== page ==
Response to Intervention (RtI)
Professional Development by Tegan Edwards
9:15-10:00-Overview of RtI, what is it and what does it mean for you as an educator?
11:00-11:45-Student Case Studies/Examples
11:45-12:15-Technology and RtI
1:05-3:00-Time to work on strategies and interventions for your classroom
What is RtI?
Response to Intervention (RTI) is a multi-tier approach to the early identification and support of students with learning and behavior needs. The RTI process begins with high-quality instruction and universal screening of all children in the general education classroom.
All students in Tier 1 receive high-quality, scientifically based instruction, differentiated to meet their needs, and are screened on a periodic basis to identify struggling learners who need additional support.
In Tier 2, students not making adequate progress in the core curriculum are provided with increasingly intensive instruction matched to their needs on the basis of levels of performance and rates of progress.
At this level, students receive individualized, intensive interventions that target the students' skill deficits for the remediation of existing problems and the prevention of more severe problems.
When looking at providing services to students we must think about the following:
- We can effectively teach all children in the least restrictive environment (usually the regular education classroom)
- Early intervention is key to success.
- Use research-based, scientifically validated core instruction with fidelity. You should be teaching your district curriculum on a daily basis.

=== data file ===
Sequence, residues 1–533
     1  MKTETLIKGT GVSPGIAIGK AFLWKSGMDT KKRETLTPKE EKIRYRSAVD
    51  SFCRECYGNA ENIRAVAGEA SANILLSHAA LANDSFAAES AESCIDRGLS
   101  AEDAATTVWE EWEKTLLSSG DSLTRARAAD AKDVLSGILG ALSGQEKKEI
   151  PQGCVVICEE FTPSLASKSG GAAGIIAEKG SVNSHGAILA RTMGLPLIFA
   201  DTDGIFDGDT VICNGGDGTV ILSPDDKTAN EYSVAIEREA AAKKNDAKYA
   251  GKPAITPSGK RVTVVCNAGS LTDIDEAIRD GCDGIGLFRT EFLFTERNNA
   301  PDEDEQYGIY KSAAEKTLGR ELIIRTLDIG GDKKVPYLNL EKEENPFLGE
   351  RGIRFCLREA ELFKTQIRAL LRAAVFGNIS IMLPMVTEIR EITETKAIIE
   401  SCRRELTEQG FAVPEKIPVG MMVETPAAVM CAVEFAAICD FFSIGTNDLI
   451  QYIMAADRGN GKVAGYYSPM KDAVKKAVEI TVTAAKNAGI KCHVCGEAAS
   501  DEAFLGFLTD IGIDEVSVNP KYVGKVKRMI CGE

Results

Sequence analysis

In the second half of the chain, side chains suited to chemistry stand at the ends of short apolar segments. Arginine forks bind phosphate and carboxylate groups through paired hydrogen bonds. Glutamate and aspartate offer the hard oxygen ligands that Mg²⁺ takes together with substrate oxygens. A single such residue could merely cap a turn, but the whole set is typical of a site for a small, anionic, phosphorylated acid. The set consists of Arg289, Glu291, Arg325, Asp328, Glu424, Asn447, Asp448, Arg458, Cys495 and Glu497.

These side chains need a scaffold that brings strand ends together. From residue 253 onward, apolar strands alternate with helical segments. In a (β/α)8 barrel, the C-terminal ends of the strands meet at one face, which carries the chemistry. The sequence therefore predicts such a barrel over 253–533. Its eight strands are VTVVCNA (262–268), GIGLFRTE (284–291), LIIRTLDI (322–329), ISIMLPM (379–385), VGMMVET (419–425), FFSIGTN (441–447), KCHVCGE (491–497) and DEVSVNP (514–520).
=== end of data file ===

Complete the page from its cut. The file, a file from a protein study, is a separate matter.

- Use assessment data for multiple purposes (screening, progress monitoring, and diagnosing, grouping)
- Use a problem solving method to make decisions within a multi-tiered model of service delivery
- Use research-based, scientifically validated interventions matched to student need with continuous progress monitoring
- Use data to make all decisions
- Use data to analyze groupings of students, regroup students, determine strengths, and areas needed for growth.
- Use data to help guide teaching for whole group learning.
How can we successfully implement RtI in the classroom?
2. Share the RtI model with the school community
3. Identify Resources to be used for RtI
4. Match interventions to student need
5. Have monthly meetings with your team on the student of concern.
6. Meet with the RtI steering committee
7. The RtI steering committee will put appropriate interventions and strategies into place that should be carried out in the classroom
8. Complete interventions and strategies in the classroom along with progress monitoring.
9. After 4-6 weeks, the committee and teachers will reconvene and discuss results of the intervention that was being used.
10. If the intervention is working, it should be continued.
11. If the intervention is NOT working, different strategies or interventions can be put into place or Special Education testing can be recommended by the committee.
How Can we Use Technology for RtI?
The use of technology makes ongoing data collection, data consumption, and data-based decision making a more plausible proposition, and it can keep these important aspects of RtI from monopolizing teacher time. Previous research found that the use of technology substantially facilitated collecting, managing, and analyzing educational data (McIntire, 2002; McLeod, 2005; Pierce, 2005; Wayman, 2005).
This program can be used with any student who has behavior issues in school.
SPIRE is an intensive specialized individualized reading program, which uses a multi sensory approach.
These programs offer research-based universal screening and progress monitoring RTI tools for grades K-10, using technology to increase accuracy and automate administration.
DIBELS can be done using a computer, tablet, or Chromebook.
Discovery Education Assessments
Districts can use predictive assessments as a universal screener for all students in reading and math. The data can help teachers make decisions about what students know and are able to do as related to grade-level state standards.
A radically different online reading intervention that targets foundational phonemic awareness, language, memory, attention, processing and sequencing skills. Results and spreadsheets are provided to teacher making the collection of data much easier to handle.